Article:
“Never insure a burning house, and never bet on a dead horse.” I said that. Here’s what Toby Neugebauer said:
(CNN) – Toby Neugebauer made headlines last year by donating $10 million to a pro-Ted Cruz super PAC.He’s taking $9 million of it back.The Texas energy investor and son of retiring Rep. Randy Neugebauer ran Keep the Promise II, one of several pro-Cruz super PACs under the Keep the Promise umbrella. But despite pleas from fellow Cruz backers throughout the campaign, he never followed through with big spending to help the Texas senator against Donald Trump, only spending $1 million of his $10 million investment.
All right. It’s not actually what Toby Neugebauer said, but it’s what he did. He went to the parimutuel window and withdrew his bet before the race started. Wise move.
Full disclosure: I voted for Donald Trump in the Texas primary election in March. Why? I figured it might be the last opportunity I would ever have to vote against Ted Cruz. Why somebody like me, who intends to vote for Hillary Clinton in November and again four years from now, would vote for Trump—well, that’s another story.
What makes me think I will never have another opportunity to vote against Ted Cruz? Maybe it’s wishful thinking. Maybe I’m reading something from history 60 years ago:
Deprived of Adams and other potentially headline-making witnesses, McCarthy was reduced to ranting and raving. Special army counsel Joseph N. Welch became something of a folk hero with such comments as “Little did I dream you could be so reckless” and “Have you left no sense of decency?”
The hearings ended, mercifully, on June 17. McCarthy won a technical victory, in that a majority of the seven-man subcommittee largely exonerated him from charges of “improper influence.” But seven weeks later, the Senate established a select committee to consider censure charges against McCarthy. On December 2, with the elections over, the Senate finally voted, 67 to 22, to “condemn” McCarthy for contemptuous conduct toward the Senate. Those Republican senators present and voting split exactly, twenty-two senators for censure, twenty-two against. McCarthy was a broken man, although he hung around for two and a half more years, shunned by most of his fellow senators. When he died, on May 2, 1957, he was a hopeless drunk. Vice-President and Mrs. Nixon, Roy Cohn, and Bill Knowland were the most prominent people in attendance at his funeral.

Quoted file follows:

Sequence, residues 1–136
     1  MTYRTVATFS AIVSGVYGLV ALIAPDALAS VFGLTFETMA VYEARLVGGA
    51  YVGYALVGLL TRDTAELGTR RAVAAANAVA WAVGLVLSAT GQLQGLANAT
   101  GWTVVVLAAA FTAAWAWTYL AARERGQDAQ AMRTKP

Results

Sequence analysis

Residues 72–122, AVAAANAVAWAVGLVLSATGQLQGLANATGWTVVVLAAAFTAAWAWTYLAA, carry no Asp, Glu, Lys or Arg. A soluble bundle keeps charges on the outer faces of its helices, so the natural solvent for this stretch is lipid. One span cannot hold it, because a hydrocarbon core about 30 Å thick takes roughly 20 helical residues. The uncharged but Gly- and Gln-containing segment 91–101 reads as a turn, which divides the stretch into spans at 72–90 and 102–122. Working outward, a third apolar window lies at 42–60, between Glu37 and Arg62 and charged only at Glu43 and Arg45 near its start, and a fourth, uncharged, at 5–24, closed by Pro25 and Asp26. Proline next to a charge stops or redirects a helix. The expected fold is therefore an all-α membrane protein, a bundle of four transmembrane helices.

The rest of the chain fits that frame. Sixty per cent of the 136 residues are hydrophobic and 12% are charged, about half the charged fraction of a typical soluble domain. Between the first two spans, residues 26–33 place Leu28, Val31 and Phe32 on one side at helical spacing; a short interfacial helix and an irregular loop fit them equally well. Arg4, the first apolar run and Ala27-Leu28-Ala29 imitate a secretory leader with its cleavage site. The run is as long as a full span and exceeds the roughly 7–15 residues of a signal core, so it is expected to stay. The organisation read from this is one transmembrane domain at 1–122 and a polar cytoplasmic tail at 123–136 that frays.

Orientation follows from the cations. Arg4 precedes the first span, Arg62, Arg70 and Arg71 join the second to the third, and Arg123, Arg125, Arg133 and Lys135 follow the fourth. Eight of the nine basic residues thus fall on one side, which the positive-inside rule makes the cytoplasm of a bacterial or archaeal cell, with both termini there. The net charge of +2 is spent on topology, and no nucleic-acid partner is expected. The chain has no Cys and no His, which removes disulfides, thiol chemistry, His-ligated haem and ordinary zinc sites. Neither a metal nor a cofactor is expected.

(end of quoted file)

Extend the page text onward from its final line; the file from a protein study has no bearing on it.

Ambrose, Stephen E. (2013-02-05). Nixon, Vol. 1: The Education of a Politician, 1913-1962 (Nixon Biography) (Kindle Locations 7030-7039). Premier Digital Publishing. Kindle Edition.
Yes, Ted Cruz is no Joe McCarthy, but hardly a senator is more disliked in the Senate today. His chances of obtaining Party support for a re-election bid in 2018, possibly not necessary, are unlikely. While his disruptive activities in the United States Congress never rose to the level of Joe McCarthy, neither has his level of personal popularity. To put it lightly, Republicans don’t like him:
Former House Speaker John Boehner seems to be enjoying his retirement—and wouldn’t you, after what he went through in Washington? One reason for his buoyant mood, besides the chance to cut grass, is the opportunity to stay far, far away from Senator Ted Cruz.
Asked about Cruz during an appearance at Stanford University on Wednesday, Boehner called him “Lucifer in the flesh,” according to the The Stanford Daily.
“I have Democrat friends and Republican friends. I get along with almost everyone, but I have never worked with a more miserable son of a bitch in my life,” Boehner added. He said he would not vote for Cruz in a general election, though he would vote for his fellow tangerine-tinted Republican Donald Trump.
Sometime in the future we hope to find out what John Boehner really thinks of Ted Cruz.
That said, I will not pile on board with those who dislike Ted Cruz. The fact is, I don’t dislike anybody. I’m 75 years old, and I have had ample opportunity to dislike people. It doesn’t work. Nothing changes by disliking somebody. So I gave it up a long time ago.
The AP further reports the following from Texas Senator Ted Cruz:
CRUZ, defending his vow to deport 11 million people living in the U.S. illegally: “I would note that in eight years Bill Clinton deported 12 million people. In eight years George Bush deported 10 million people. Enforcing the law. We can do it.”
THE FACTS: Statistics from Immigration and Customs Enforcement show that roughly 1.6 million were deported under Bush, not 11 million. Under Clinton, about 870,000 immigrants were deported, not 12 million, according to the Migration Policy Institute. So far, about 2.4 million have been deported under the Obama administration.
To get the swollen figures, Cruz appears to be combining deportations with arrests made by the Border Patrol in the previous administrations, according to the institute.
Enough said about that. Again, I prefer a liar to a fool.
From another post:
Lest you take Palin lightly, please note some saner sources:
The Trump campaign issued a statement announcing the endorsement and humorously turning the knife in Cruz by quoting the front-runner’s Lone Star State rival:
Palin’s endorsement is amongst the most sought after and influential amongst Republicans[…]She helped launch the careers of several key future leaders of the Republican Party and conservative movement. Senator Ted Cruz notes: “I would not be in the United States Senate were it not for Gov. Sarah Palin…She can pick winners.”
Thanks, Governor. You are the gift that keeps on screwing.
All right! That’s a stack of quotes quoting quotes, but it snags the message. With Senator Ted Cruz of Texas we are apparently dealing with a first rate mind that has long ago gone off the rails. But that doesn’t mean Texans won’t vote for him. Again.